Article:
Nam was part of the Wilford-Gilliam plan…
So, Nam must have manipulated things to get himself thrown in the prison drawers before Snowpiercer's next population control strategy. Maybe he was a legit Kronol addict? Or played one well enough (along with his daughter) to, apparently under the influence, commit a crime worthy of the drawers? Or was properly framed for such an offense? Or just plain agreed to or was extorted into playing this part in the next revolution. Kinda crazy, but also exactly the supervillain level of manipulation you'd need to choreograph "The Curtis Revolution."

Gilliam might have been ready for a real revolution…
Early on in the film, Gilliam agrees very quickly w Curtis's self-deprecating remark along the lines of "not everyone is what they seem." Curtis says it to try to discount Edgar's hero worship of him. Gilliam throws in a kind of "you can say that again" in reference to himself, playing the role of Curtis's revolutionary mentor. Once the revolution has reached the water car, and Curtis decides to split their forces, leaving Gilliam and most of the Tailies in the rear half of the train, Gilliam tells Curtis not to let Wilford speak to him. That he should cut Wilford's tongue out before he can say a word. For Gilliam, this means that he hopes that Curtis will complete his mission without learning of Gilliam's collaboration with Wilford, and follow thru without doubting anything he's learned from Gilliam. Sure, maybe it was because the pop control plan was going off the rails, and maybe Gilliam realized that Wilford would be forced to exact retribution against many Tailies and especially himself, but I think the hope was there. Unfortunately, Curtis *did* let the devil Wilford speak.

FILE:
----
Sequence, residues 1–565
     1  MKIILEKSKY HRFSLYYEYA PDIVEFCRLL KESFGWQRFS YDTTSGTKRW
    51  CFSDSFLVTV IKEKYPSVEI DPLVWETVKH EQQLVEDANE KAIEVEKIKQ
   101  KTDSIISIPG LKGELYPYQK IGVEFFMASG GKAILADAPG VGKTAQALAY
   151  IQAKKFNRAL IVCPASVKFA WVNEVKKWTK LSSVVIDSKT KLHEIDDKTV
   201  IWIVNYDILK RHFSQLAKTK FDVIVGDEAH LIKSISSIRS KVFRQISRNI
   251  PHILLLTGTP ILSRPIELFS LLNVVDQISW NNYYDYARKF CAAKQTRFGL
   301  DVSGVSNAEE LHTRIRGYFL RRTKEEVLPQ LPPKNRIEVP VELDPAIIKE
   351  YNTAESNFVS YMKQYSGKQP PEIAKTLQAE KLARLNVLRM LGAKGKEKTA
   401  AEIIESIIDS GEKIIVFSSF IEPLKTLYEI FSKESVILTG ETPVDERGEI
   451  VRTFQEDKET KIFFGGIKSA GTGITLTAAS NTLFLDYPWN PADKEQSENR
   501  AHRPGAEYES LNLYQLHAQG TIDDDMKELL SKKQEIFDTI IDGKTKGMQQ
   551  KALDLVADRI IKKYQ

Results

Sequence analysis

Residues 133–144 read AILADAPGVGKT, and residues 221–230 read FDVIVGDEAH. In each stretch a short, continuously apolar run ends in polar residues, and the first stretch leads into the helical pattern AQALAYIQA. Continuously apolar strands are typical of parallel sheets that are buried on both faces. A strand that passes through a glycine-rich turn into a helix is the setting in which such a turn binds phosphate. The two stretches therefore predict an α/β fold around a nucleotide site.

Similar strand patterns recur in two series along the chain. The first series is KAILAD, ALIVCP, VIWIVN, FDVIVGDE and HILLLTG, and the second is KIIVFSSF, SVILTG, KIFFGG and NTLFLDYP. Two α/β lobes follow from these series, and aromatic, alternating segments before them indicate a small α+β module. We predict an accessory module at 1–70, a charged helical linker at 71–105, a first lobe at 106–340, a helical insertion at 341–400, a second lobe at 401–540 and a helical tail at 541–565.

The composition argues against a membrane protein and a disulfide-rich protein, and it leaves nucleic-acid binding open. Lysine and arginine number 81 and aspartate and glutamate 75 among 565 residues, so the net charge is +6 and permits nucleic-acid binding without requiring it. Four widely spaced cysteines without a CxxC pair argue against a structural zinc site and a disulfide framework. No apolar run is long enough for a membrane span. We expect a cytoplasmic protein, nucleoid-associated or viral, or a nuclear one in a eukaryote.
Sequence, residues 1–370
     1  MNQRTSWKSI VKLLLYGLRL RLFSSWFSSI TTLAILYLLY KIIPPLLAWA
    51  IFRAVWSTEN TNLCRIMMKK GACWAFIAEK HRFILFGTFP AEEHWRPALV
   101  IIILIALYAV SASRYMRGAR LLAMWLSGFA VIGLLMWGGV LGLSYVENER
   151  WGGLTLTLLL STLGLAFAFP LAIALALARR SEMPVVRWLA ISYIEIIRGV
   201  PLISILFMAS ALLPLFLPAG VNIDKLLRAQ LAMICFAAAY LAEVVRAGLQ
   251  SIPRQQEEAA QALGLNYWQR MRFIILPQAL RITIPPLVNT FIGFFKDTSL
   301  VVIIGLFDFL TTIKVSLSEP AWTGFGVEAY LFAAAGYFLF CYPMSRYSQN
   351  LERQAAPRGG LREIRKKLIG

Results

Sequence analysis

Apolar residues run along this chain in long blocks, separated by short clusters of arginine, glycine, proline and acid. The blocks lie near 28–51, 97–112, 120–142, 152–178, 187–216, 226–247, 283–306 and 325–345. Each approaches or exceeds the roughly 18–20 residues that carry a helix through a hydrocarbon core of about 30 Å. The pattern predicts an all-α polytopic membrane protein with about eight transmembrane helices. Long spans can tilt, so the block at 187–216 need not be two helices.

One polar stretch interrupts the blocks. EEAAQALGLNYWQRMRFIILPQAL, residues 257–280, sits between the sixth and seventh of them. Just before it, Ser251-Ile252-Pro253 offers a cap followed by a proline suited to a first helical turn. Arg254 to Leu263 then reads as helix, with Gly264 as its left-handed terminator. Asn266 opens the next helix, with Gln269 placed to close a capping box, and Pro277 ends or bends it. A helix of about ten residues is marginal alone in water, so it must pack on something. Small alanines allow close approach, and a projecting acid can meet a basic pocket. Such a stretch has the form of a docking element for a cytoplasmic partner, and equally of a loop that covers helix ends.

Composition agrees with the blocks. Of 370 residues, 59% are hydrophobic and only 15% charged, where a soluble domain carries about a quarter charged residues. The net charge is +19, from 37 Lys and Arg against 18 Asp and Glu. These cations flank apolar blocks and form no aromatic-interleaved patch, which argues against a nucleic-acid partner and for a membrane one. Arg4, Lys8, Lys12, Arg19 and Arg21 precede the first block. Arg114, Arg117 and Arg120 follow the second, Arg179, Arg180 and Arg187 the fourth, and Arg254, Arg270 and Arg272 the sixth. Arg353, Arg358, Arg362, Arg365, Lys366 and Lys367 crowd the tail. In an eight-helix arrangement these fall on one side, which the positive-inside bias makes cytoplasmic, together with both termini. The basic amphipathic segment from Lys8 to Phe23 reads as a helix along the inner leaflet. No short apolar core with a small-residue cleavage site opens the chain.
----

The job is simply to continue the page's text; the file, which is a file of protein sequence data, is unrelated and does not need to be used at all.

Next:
Programming the children…
So sinister. The gesticulations assigned to certain Eternal Engine propaganda seems designed to teach children to be replacement cogs and widgets for the train (the way softball pitching in P.E. might teach a child how to lob a grenade at a target =). Mason and Wilford explicitly demonstrate the motions and the children in the classroom show that they've been taught certain motions to go with their songs. Would've been good to see the Tailies get some indoctrination, tho, to sort of fill in some blanks.